Film School No Fun, But C’s Seek Focus
WALTHAM - Sometimes, it doesn't matter how you draw up a defense in practice, even if the play you're trying to defend is very familiar.
Doc Rivers spent a good portion of practice on Thursday showing the Celtics a pick and roll play that they failed to properly defend against the New Jersey Nets in Wednesday's game. It's a play the Celtics call "15-out". And they should know it when they see it. It's part of the Celtics' own playbook as well. Despite having about 20 edits of plays from the game he wanted to review, Rivers said he went over just a few key plays several times to make sure the team learned from its mistakes.
"It's frustrating, but it's frustrating for them too," said Rivers, who noted that like any other teacher, he can only show so much film before attention spans start to falter. "There's only a couple of plays that I just went over and over, I told Tony [Brown] to rewind, 'do it again, do it again.'"
How is it that a play the Celtics know so well from practice, shoot-arounds and even their own offense can be such a problem to defend on the floor in a game?
"[We went] over it in shoot-around. We run the same play ourselves, so we probably guard it every day," Pierce said. "You can have four guys on the same page, but if one of the other guys is on another page one time than it hurts the whole defense. It seemed like it was a different guy every time."
Pierce says that everyone understands the game plan, but executing it in a live game environment isn't always as easy as it was on the practice floor.
"I think it shows a lack of concentration for the full 48 minutes. The stuff that he showed us is stuff we went over, and it's about applying it to the game every single time. As soon as we do that, we'll be a consistent team," Pierce said. "It's good to see our mistakes, and hopefully we learn from it because a lot of things that we did last night as far as defense, are things we'll have to do tomorrow. Hopefully we can clean those things up."
When it comes to scouting opponents or reviewing your own mistakes, coaches will tell you that "the tape doesn't lie." And if you show them enough of it, the players will accept that as well.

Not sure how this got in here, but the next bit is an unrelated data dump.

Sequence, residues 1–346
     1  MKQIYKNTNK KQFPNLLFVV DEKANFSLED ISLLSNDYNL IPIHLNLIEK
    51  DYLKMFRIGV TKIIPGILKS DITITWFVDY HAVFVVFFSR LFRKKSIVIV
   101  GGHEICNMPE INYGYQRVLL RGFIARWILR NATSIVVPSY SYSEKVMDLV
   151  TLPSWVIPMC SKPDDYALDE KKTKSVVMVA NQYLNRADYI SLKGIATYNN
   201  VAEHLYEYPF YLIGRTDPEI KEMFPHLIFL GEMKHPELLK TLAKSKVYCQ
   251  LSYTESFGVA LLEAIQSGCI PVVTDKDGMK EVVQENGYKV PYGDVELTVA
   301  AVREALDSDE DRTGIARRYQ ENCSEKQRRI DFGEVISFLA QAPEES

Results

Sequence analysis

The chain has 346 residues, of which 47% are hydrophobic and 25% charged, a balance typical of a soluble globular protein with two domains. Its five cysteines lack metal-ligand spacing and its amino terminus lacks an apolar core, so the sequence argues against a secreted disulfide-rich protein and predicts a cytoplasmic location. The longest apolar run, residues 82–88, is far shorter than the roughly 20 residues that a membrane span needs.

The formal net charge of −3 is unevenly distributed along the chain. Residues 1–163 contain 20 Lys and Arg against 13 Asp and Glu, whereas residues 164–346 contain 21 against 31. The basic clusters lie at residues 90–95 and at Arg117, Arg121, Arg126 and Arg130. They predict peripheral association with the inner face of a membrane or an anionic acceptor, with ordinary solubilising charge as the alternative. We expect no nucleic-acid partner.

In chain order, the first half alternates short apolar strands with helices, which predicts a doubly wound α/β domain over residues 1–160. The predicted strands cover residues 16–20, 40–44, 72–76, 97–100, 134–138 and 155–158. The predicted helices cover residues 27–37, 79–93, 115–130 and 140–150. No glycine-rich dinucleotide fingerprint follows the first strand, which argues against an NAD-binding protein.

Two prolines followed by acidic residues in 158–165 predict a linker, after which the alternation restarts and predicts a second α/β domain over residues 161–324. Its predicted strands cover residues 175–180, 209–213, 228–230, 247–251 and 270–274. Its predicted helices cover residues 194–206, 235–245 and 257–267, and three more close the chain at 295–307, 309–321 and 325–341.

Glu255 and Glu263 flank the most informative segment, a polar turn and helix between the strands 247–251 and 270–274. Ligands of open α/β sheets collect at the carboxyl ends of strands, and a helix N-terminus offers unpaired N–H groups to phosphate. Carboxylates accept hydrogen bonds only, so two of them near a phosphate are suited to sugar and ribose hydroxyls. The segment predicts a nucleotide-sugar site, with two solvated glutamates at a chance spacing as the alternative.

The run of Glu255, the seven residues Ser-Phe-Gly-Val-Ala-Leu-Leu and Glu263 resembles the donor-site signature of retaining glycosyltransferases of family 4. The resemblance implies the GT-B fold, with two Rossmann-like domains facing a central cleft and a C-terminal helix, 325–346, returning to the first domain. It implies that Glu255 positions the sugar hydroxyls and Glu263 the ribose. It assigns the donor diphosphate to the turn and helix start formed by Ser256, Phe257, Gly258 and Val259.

"Today we actually watched how we messed it up on film," said center Kendrick Perkins. "If he points it out to you and you see it yourself, you really cant say anything but 'I messed up.' What can you say?"
More Free Throws
Despite hitting 81% of their free throws against the Nets Wednesday night, the Celtics concluded with a free throws drill at the end of practice, and the lower your free throw percentage was, the more you shot. 90% shooters (Wally Szczerbiak and Delonte West) had to make 25 shots before leaving, and the scale went down to guys who are below 70%.
Perkins (33%), Rondo (60%) and Leon Powe (58%) all had to make 100 free throws before leaving the gym.
"This is my first time really struggling from the line. I don't know where this 33% stuff is coming from," said Perkins, who's never been an ace at the stripe, but he shot 61% last season and is just under 60% for his career.
Perkins, who tried to participate in practice but was sent off to the exercise bike by Rivers to protect his foot (plantar fasciitis), wants to practice but the team's medical staff is advising him otherwise.
"Perk wanted to go because he says he needs the practice. And he's right," said Rivers. "But I need him to play. So there's no way around it."